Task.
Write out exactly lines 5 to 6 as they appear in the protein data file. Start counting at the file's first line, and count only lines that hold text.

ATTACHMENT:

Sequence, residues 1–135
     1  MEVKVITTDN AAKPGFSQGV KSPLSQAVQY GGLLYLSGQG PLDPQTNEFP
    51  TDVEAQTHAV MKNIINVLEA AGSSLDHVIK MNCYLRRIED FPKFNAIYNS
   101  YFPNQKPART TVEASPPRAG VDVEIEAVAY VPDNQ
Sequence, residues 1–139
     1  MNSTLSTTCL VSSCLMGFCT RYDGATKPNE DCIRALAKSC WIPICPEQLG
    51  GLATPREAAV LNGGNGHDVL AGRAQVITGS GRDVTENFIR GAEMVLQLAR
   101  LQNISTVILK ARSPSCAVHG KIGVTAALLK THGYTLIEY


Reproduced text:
Sequence, residues 1–139
     1  MNSTLSTTCL VSSCLMGFCT RYDGATKPNE DCIRALAKSC WIPICPEQLG